Blog

Interviews, background on NRGI research and training events and up-to-the-minute analysis by staff and experts from around the world.

Poor governance and systemic corruption are prevalent in many resource-rich countries. Given their highly concentrated and highly profitable nature, the oil, gas and mining industries can generate the kind of political and private incentives that favor rent-seeking and institutional (or state) capture.

For the first time since it won in 1990, the National League for Democracy (NLD), led by Aung San Suu Kyi, will be contesting a general election. (The NLD won 43 out of 45 seats in a 2012 by-election.) Should the party or a coalition of opposition parties win, Myanmar will have its first majority civilian government in Myanmar in 53 years.

Lack of transparency about complex, often secretive structures. Clandestine, opaque relationships with government officials. These factors exacerbate the risks that beneficial owners of some extractive companies could easily engage in tax evasion, transfer pricing, trade mispricing, bribery, contract fraud and money laundering.

When we think about the “resource curse,” one oft-cited example is oil-rich Venezuela. Despite copious petroleum reserves, people in one of Latin America's top hydrocarbon producers queue for hours outside supermarkets to buy staple foods, and now cite food shortages as a bigger concern than crime.

During the oil boom years earlier this decade, rising petroleum subsidies in importing countries such as Tunisia and Egypt were a constant strain on budgets—and so the collapse in oil prices has produced nuanced challenges for state-owned oil enterprises (SOEs) in both countries.

For Indonesia, lower commodity prices have had mixed results. Government revenues from oil, natural gas coal and other minerals have fallen, but lower prices have also helped the Southeast Asian net importer.

NRGI experts will speak at three events at this year’s International Anti-Corruption Conference, in Malaysia, all on Thursday, September 3.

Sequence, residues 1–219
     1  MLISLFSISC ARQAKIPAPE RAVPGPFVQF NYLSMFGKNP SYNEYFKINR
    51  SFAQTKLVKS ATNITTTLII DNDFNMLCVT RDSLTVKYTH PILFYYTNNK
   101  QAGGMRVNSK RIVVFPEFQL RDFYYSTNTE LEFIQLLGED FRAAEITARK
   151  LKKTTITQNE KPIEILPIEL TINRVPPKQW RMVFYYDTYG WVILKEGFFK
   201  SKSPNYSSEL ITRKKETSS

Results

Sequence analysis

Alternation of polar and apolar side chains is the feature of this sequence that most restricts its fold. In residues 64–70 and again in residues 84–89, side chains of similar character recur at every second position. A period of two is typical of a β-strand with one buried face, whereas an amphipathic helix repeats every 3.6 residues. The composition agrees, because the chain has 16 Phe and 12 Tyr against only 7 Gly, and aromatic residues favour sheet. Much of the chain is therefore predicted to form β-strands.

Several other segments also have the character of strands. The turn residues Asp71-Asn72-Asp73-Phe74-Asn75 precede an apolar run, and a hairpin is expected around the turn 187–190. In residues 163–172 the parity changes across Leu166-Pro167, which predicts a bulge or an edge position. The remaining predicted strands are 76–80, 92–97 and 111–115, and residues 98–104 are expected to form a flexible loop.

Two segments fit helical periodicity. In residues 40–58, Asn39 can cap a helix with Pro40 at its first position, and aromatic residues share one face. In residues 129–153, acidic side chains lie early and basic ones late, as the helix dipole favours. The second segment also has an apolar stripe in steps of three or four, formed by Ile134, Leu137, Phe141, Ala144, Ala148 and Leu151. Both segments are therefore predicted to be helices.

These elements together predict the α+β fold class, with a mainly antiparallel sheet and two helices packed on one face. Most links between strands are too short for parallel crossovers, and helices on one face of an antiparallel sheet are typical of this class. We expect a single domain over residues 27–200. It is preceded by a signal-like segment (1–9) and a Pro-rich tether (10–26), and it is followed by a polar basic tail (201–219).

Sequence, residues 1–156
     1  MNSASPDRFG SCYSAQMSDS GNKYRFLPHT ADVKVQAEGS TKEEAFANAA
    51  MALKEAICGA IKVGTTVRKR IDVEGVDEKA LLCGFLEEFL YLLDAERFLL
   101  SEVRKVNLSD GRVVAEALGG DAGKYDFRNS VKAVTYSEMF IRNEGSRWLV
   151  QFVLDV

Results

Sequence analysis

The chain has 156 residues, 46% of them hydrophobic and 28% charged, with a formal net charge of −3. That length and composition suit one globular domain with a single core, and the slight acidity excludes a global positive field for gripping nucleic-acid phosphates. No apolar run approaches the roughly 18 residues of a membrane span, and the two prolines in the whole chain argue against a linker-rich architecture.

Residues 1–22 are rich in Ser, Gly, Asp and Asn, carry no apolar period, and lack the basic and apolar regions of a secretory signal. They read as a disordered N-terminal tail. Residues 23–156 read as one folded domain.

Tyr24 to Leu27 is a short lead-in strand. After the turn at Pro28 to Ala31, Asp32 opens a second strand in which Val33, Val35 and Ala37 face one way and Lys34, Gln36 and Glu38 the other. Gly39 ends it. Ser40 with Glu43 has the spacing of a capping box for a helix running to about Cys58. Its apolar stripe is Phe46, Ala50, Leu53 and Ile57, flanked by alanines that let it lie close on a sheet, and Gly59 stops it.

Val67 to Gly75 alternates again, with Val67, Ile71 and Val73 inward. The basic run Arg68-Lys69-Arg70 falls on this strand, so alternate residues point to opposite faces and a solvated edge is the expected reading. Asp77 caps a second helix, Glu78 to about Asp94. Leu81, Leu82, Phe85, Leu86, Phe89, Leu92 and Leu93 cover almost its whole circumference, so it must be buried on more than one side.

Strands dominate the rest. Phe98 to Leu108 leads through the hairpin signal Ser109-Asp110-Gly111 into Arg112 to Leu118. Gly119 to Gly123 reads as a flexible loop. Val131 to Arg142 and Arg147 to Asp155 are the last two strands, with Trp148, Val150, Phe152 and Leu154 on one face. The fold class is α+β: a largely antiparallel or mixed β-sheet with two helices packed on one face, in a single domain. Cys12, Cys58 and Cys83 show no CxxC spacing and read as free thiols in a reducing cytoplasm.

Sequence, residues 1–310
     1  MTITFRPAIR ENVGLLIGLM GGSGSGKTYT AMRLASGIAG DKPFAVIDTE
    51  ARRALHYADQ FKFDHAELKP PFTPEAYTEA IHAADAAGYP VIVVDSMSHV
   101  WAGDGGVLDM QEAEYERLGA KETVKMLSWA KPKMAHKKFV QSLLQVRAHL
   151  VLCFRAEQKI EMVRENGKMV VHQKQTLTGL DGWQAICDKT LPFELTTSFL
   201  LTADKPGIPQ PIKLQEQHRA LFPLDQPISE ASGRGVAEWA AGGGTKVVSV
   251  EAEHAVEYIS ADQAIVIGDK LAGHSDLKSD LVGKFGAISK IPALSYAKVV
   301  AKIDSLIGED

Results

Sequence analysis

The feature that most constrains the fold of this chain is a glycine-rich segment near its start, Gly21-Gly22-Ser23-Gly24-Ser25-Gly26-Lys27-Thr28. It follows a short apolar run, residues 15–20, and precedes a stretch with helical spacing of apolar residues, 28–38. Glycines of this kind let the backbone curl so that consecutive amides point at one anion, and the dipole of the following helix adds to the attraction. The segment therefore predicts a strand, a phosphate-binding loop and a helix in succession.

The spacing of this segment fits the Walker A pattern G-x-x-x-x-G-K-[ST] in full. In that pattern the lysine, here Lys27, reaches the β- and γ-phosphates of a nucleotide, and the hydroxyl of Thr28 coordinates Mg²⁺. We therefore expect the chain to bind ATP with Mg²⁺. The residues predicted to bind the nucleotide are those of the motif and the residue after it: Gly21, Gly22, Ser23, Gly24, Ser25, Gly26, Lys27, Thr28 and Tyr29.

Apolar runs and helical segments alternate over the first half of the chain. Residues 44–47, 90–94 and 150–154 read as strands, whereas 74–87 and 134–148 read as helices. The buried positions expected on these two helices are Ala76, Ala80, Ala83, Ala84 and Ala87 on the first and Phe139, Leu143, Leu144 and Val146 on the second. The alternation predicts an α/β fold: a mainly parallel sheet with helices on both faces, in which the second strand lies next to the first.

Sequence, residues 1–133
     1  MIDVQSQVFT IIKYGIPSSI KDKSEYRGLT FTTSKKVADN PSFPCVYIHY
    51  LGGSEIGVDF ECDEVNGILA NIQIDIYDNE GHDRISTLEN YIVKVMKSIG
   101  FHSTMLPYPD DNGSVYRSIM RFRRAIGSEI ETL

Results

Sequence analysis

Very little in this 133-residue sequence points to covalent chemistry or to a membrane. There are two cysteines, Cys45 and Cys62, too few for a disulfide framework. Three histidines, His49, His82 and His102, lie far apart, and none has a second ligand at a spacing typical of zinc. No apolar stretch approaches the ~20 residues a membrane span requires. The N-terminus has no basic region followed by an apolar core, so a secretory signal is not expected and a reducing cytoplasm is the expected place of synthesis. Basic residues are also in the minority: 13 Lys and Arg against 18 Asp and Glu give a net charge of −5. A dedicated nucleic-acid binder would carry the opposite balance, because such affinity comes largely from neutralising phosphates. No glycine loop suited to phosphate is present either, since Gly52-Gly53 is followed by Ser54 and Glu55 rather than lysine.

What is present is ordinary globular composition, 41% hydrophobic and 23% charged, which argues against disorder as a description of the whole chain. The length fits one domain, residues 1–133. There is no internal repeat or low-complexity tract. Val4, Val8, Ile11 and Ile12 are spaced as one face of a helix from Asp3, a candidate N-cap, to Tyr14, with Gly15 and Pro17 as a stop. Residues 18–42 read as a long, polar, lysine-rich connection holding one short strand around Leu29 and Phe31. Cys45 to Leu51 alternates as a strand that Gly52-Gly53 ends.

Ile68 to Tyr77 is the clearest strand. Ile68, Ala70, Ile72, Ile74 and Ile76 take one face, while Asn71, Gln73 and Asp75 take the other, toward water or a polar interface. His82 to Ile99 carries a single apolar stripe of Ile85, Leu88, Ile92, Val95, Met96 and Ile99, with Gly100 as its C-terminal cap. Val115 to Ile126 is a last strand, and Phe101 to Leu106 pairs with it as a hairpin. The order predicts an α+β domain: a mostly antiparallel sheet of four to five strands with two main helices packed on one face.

Crystol Energy founder Dr. Carole Nakhle discusses the changing contractual and fiscal environment for producer countries – particularly in the MENA region – amid a lengthy oil slump.

Nigeria's President recently announced that former ExxonMobil executive Emmanuel Ibe Kachikwu will head the national oil company, the Nigerian National Petroleum Corporation (NNPC). Eight top NNPC officials were sacked, and the head of crude oil marketing was “reassigned.” A list of fresh appointments soon followed.

In June NRGI’s regional office in Eurasia brought together more than 25 multi-stakeholder group (MSG) members from five countries for a collaborative training session on analysis of Extractive Industries Transparency Initiative (EITI) report data. The training took into account a number of EITI reports expected by the end of year.

Less than five years after the surge of optimism that accompanied first oil, Ghana’s economic situation has rapidly worsened. Ghana is now often cited as a cautionary tale of how not to manage public finances.

Extractive industry governance and the role of state-owned enterprises across sub-Saharan Africa are squarely in the spotlight after three huge scandals.

Myanmar’s citizens have the potential to benefit from the country’s endowments of oil, gas, and gems, but governance of these industries has been historically problematic and so many actors are pushing for change. Last month, NRGI staff began working with EITI stakeholders in Myanmar on a new project that will use the Natural Resource Charter to help build consensus on priorities for extractive industries reform.